Bobby Womack, a colorful and highly influential R&B singer-songwriter who influenced artists from the Rolling Stones to Damon Albarn, has died. He was 70.
Womack's publicist Sonya Kolowrat said Friday that the singer had died, but she could provide no other details.
With an incomparable voice few could match, Womack was a stirring singer and guitarist in his own right and a powerful songwriter whose hits like "Across 110th Street," ''If You Think You're Lonely Now" and "I Wish He Didn't Trust Me So Much" captured the imagination of future stars in rock 'n' roll and R&B.
"He had a style that nobody else could ever capture," longtime friend, gospel singer Candi Staton, said in a statement. "I loved him and I will miss him so, so very much."
Womack's death comes as something of a surprise. Though he was diagnosed with Alzheimer's disease two years ago and overcame addiction and multiple health issues, including prostate and colon cancer, recently, he seemed in good health and spirits when he performed earlier this month at the Bonnaroo Music & Arts Festival.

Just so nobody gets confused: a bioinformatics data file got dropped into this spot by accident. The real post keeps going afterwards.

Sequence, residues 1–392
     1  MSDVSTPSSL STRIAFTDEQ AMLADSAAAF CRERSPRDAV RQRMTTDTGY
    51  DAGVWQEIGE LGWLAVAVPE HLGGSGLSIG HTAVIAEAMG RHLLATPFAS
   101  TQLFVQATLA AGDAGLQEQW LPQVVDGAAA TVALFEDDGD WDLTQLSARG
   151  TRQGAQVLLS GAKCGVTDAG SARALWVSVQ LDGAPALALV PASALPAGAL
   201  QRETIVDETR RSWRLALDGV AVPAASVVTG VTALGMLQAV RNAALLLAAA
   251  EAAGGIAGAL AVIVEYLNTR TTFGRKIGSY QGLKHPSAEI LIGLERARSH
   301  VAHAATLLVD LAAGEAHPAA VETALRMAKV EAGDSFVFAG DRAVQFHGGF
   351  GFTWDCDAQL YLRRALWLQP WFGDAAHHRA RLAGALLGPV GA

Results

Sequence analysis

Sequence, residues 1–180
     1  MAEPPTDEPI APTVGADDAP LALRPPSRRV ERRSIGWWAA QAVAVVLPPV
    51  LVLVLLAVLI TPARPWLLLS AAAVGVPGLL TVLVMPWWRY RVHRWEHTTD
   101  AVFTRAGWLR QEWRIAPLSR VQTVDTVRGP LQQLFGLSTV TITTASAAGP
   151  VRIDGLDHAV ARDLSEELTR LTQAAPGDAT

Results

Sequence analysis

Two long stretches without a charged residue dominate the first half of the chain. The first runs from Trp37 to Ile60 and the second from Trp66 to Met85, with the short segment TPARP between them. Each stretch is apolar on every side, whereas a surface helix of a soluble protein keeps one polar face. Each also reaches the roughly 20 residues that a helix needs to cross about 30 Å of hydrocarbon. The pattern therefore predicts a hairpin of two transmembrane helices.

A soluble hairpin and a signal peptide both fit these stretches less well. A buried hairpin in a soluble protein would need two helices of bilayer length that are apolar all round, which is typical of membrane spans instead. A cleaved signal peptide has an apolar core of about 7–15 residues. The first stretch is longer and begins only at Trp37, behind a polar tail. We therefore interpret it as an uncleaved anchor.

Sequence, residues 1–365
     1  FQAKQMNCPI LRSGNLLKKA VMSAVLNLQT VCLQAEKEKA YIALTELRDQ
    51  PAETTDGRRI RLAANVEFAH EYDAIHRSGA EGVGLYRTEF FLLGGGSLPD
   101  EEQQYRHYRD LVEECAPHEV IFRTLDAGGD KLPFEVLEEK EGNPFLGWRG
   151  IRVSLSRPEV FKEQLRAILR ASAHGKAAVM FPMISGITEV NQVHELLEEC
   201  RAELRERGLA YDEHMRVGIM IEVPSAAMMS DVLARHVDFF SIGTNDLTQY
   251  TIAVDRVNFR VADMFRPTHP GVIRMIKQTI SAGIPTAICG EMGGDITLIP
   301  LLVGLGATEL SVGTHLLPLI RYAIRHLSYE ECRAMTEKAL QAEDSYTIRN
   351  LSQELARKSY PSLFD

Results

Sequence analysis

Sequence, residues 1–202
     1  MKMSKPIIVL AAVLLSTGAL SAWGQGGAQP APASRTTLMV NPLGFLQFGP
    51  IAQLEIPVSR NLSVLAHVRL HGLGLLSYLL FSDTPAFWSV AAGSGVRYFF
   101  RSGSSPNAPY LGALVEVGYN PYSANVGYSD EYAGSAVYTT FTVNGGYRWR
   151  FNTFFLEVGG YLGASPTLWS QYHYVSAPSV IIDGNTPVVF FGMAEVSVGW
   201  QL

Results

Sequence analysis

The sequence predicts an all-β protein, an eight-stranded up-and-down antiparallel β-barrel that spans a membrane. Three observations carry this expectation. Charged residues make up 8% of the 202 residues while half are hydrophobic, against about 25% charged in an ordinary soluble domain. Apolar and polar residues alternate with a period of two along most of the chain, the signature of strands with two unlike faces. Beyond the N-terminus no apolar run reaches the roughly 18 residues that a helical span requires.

He told the BBC in 2013 the Alzheimer's diagnosis came after he began having difficulty remembering his songs and the names of people he had worked with.
And there have been many. The soul singer cut a wide path through the music business as a performer and songwriter in a career that spanned seven decades. Womack was inducted into the Rock and Roll Hall of Fame in 2009, long after he'd lost his fortune and his career to addiction.